Equifax Directed Data Breach Consumers to Phishing Website
Equifax, the consumer credit reporting agency, directed some data breach consumers to a phishing website! The counterfeit website’s URL is securityequifax2017.com. It is an identical copy of the Equifax owned, legitimate website www.equifaxsecurity2017.com. The licit Equifax website offers complimentary identity theft protection in the wake of their massive data breach. The real and fake websites both ask for a consumer’s last name and the last six digits of their social security number. The real websites then informs users if their data has been compromised.
Equifax set up the dedicated website at https://www.equifaxsecurity2017.com to help consumers determine if they are one of the unlucky people affected by the data breach. However, tech gurus quickly demonstrated that the legit website does not consistently determine if an individual is compromised or not. Equifax is offering one year of its own credit protection service, TrustedID Premier, which includes three-Bureau credit monitoring of Equifax, Experian, and TransUnion credit reports for free.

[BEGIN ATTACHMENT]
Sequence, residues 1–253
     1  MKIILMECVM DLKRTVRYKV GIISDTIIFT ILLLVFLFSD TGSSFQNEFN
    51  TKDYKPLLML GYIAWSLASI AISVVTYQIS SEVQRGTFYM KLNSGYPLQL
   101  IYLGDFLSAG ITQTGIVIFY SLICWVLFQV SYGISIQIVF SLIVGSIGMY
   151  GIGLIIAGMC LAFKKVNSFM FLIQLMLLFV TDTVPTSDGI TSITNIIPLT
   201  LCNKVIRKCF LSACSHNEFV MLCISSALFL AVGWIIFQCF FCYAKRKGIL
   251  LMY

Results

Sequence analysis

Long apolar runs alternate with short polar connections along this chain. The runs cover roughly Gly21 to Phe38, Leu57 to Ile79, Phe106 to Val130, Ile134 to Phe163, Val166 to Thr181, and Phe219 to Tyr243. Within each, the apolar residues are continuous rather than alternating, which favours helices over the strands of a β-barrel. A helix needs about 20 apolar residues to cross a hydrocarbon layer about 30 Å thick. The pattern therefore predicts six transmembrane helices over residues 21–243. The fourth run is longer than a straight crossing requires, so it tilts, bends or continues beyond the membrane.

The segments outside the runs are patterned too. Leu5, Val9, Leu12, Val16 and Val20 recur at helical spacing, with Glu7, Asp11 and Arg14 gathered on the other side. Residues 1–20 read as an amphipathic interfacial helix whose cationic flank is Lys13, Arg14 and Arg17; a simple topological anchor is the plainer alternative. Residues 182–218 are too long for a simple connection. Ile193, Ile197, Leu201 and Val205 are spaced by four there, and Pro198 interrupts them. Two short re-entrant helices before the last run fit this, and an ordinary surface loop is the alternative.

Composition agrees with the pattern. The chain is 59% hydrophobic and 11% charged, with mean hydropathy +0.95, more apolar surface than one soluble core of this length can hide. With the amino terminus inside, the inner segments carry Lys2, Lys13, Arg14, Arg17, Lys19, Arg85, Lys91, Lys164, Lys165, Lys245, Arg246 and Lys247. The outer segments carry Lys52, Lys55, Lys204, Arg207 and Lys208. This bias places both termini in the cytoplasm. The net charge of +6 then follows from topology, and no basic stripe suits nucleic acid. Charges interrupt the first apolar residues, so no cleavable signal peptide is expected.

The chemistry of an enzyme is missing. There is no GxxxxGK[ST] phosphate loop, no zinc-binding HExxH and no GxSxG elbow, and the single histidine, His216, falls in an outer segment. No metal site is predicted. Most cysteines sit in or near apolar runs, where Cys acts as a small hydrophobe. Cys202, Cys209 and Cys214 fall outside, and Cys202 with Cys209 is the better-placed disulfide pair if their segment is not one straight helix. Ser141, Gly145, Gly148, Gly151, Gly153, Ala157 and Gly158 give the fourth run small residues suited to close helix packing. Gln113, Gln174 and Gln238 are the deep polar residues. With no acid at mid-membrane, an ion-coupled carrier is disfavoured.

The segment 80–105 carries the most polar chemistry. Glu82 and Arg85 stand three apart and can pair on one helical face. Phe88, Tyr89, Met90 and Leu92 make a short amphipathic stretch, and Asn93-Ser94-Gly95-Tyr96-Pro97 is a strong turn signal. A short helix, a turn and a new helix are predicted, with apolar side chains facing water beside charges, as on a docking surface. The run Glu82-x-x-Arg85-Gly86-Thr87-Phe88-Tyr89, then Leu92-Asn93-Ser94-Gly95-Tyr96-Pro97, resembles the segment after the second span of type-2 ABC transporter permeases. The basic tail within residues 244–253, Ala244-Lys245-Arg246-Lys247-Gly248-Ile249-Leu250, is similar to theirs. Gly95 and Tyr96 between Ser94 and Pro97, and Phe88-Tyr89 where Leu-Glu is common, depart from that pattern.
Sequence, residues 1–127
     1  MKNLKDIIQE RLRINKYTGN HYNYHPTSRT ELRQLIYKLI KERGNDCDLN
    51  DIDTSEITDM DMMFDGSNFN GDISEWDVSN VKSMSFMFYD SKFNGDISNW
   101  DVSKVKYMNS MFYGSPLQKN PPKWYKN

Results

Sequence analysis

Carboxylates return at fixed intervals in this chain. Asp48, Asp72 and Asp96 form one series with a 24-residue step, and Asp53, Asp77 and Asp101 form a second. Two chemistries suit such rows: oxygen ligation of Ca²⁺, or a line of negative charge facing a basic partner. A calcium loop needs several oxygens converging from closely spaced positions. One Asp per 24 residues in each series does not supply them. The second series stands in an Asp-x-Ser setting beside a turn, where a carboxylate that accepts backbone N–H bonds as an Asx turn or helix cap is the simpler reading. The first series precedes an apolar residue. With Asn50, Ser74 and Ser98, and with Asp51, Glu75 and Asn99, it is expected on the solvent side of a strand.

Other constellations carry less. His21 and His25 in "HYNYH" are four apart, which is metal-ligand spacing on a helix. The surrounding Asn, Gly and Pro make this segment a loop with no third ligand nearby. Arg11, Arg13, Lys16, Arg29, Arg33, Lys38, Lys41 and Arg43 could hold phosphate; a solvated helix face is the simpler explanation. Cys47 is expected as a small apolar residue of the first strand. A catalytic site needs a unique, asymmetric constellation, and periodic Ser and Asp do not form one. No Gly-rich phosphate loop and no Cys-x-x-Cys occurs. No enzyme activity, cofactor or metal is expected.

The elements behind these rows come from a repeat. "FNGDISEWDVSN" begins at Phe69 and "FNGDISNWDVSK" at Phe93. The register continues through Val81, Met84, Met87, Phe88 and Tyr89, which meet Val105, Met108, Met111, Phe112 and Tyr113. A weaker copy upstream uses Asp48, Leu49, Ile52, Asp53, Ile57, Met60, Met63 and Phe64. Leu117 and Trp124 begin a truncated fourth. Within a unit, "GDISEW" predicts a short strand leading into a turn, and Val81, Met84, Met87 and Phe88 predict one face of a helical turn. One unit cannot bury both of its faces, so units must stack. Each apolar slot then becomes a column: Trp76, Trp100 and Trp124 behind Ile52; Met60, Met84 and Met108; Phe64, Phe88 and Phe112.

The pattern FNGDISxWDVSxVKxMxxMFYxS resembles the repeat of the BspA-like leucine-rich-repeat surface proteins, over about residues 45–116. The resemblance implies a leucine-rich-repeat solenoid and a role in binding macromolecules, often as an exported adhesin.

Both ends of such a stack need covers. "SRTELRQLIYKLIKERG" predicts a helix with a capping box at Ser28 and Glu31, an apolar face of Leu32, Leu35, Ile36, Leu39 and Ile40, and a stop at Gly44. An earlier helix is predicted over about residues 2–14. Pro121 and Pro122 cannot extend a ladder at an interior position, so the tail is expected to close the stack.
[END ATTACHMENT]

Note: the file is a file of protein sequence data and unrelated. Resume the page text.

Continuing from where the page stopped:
Ownership of the sham website, which appears visually identical to the real version, was claimed by software engineer, Nick Sweeting. A quick check of the ICANN WHOIS database shows the URL is registered privately. He did it to demonstrate how fast and easy it is to set up a copy of a simple website. Fortunately, Mr. Sweeting states that he did not store any data collected by the phishing website, and has no intention to steal identities or hack data.
To make matters worse, Equifax customer support on Twitter actually tweeted the phishing version of the URL to some consumers who were seeking help. The screenshot below, from the phishing website’s owner, Nick Sweeting, shows Equifax’s Twitter customer service account directing consumers to the illegitimate support site. Sweeting tweeted a screenshot of eight different tweets from Equifax customer service directing consumers to his phishing site.
Critics of the legit version of the website criticized Equifax for not using their own corporate domain name Equifax.com as a portal for consumers. Using a new, longer, and unfamiliar domain name adds confusion for already worried customers.
Equifax recently announced that personal information of 143 million US consumers was hacked from one of its web applications. The data breach occurred from mid-May 2017 until Equifax discovered the cyber security breach on July 29. However, the hack was not revealed to the public until the first week of September 2017 – six weeks after the hack was discovered.
Equifax states that the cyber security hack occurred through a vulnerability in the Apache Struts web application framework. Equifax patched the affected web application. The hackers behind the identity theft are still unidentified.